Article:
American Road Trips: Where to Go & What to See?
The millions of miles of highway that weave throughout the country truly unite the United States. With so much freedom presented to anyone with a driver's license, it begs the question: where to go and what to see? This quartet of routes promises sublime experiences and vivid memories.
Red Rock Scenic Byway – Arizona
Just hours south of the Grand Canyon lays the Red Rock Scenic Byway, a small sliver of Southwestern splendor. Measuring 7.5 miles, this dazzling desert byway begins in Sedona and arcs through red rock mesas and the Pinyon pines of Coconino National Forest. Drivers won't want to miss the awe-inspiring Chapel of the Holy Cross; it's built directly into a mesa's crest and welcomes all faiths. As you travel along “Arizona's First All-American Road,” you'll feel the urge to escape the confines of your car and uncover its every desert secret. The byway is dotted with many trail heads and off-road paths to continue your expedition on foot. Slip on your hiking boots to traverse the prehistoric red rock formations of Cathedral Rock and Bell Rock, two of Greater Sedona's renowned vortexes—spiritual locations where mystical energy is said to saturate the surroundings.
Cheese Trail – Vermont
Kicking off from Calvin Coolidge's birthplace, Plymouth Notch, drivers will embark on the aptly named Cheese Trail across the dairy lands and arboreal hills of the Green Mountain State. After the Coolidge family cheese factory and Route 100A, follow Route 100 north to Three Shepherds of the Mad River Valley in East Warren for their signature creamy feta cheese. Installing Nitto tires such as the Terra Grappler will greatly assist traversing the craggy cordillera and Lincoln Gap's hairpin turns on your way to the cheesy artery of America, Route 7. This route links a series of artisan cheese makers such as Shelburne Farms and trademark cheddars and Green Mountain Blue Cheese in Highgate among many more. From Highgate, shoot down to Barre, famous for the quarries that produce a significant chunk of the nation's granite.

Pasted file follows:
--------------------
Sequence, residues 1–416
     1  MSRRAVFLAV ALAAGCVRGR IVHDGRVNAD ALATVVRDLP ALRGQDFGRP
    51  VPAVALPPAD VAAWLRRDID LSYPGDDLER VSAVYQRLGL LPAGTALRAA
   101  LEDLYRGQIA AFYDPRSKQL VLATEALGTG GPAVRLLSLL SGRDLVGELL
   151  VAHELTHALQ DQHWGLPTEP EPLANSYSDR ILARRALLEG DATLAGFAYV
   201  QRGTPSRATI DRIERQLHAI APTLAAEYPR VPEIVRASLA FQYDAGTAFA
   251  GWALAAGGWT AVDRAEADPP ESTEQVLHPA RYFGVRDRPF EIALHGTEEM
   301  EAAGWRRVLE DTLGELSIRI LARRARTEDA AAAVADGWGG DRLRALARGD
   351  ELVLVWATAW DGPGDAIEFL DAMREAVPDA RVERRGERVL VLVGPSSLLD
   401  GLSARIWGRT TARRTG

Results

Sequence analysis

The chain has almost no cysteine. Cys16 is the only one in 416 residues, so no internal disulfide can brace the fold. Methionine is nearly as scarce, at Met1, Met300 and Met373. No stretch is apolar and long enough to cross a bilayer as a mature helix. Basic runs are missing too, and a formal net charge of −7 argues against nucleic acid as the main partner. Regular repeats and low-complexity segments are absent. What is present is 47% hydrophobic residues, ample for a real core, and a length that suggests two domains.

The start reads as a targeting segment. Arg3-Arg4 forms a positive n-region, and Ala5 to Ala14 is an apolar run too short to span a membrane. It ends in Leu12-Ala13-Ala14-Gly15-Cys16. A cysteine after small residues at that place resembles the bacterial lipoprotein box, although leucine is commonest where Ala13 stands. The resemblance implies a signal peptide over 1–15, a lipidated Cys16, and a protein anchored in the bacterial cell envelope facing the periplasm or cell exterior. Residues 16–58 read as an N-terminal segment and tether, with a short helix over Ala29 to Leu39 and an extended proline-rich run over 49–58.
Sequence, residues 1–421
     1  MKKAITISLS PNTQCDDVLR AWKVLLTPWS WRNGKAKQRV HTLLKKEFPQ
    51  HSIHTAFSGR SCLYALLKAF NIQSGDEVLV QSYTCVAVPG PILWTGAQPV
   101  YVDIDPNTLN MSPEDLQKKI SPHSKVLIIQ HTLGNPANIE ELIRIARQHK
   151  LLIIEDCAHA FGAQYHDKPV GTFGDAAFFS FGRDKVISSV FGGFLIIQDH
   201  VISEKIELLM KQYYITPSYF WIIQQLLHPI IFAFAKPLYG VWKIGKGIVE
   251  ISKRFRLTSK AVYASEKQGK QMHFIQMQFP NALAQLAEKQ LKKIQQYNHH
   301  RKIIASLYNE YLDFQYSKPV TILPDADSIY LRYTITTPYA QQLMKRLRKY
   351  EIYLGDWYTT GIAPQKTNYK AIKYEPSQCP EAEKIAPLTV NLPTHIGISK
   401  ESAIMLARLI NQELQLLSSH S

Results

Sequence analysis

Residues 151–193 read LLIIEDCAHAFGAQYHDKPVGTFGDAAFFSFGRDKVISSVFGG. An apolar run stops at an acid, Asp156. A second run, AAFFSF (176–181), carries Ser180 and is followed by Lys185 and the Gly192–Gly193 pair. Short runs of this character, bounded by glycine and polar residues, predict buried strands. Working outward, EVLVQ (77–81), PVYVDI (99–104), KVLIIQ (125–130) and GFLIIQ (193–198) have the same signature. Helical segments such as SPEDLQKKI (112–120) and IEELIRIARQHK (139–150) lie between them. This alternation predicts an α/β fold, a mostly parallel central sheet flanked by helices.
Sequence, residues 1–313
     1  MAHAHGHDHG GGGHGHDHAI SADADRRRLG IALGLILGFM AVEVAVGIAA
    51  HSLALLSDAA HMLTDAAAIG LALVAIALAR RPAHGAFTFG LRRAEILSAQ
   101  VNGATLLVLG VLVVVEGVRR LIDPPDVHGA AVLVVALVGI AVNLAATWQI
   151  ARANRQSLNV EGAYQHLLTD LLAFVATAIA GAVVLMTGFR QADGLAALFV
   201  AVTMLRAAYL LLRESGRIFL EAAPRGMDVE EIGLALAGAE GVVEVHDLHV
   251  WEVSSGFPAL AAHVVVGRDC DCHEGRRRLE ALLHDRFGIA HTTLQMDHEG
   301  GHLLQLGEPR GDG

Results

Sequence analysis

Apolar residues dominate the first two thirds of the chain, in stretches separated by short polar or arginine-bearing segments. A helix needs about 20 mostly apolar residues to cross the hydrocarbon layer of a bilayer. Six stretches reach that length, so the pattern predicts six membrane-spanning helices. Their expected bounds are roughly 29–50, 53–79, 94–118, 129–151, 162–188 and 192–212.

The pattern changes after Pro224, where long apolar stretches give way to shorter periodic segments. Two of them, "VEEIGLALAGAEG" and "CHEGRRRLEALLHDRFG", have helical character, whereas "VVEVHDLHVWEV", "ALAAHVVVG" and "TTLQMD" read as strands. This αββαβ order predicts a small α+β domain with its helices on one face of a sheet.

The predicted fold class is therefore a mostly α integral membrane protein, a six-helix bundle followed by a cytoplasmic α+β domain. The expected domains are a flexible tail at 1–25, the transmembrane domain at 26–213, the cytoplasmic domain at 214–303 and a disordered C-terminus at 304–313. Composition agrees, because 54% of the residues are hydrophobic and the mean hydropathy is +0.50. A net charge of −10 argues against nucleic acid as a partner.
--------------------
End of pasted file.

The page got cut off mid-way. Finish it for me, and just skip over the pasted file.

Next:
Seward Highway – Alaska
Set in the grandiose frontier of Alaska, the Seward Highway begins in Anchorage and envelops 127 breathtaking miles to the seaside port of Seward on Resurrection Bay. Neighboring the Chugach Mountains, the highway stretches south along Kenai Peninsula. Limit your mph to a slow crawl here—serene waterfalls, grazing sheep and twittering beluga whales can be seen below with a discerning eye. Motorists are encouraged to stop by Kenai Fjords National Park, a cool paradise of ice fields, tidewater glaciers and Alaskan fauna such as orca whales, puffins, porpoises and sea lions. The All-American Seward Highway highlights the best of Alaska from the boreal forests to colossal glaciers and miles of majestic wilderness.
Pacific Coast Highway – California
Beginning in Monterey, motorists will commence upon a 123-mile journey along Pacific Coast Highway, designated an All-American Road. From Monterey, continue down Highway 1 to the seaside town of Carmel and Point Lobos State Reserve, a wonderland of flora and fauna. Adjacent to the Santa Lucia Mountains, miles of redwood groves dot the Big Sur Coast Highway's 90 miles south to San Simeon. Within those 90 miles, you'll travel over the Bixby Bridge and Pfeiffer Big Sur State Park. The terminus of your coastal journey lays in Morro Bay, home to a 23-million-year-old extinct volcano.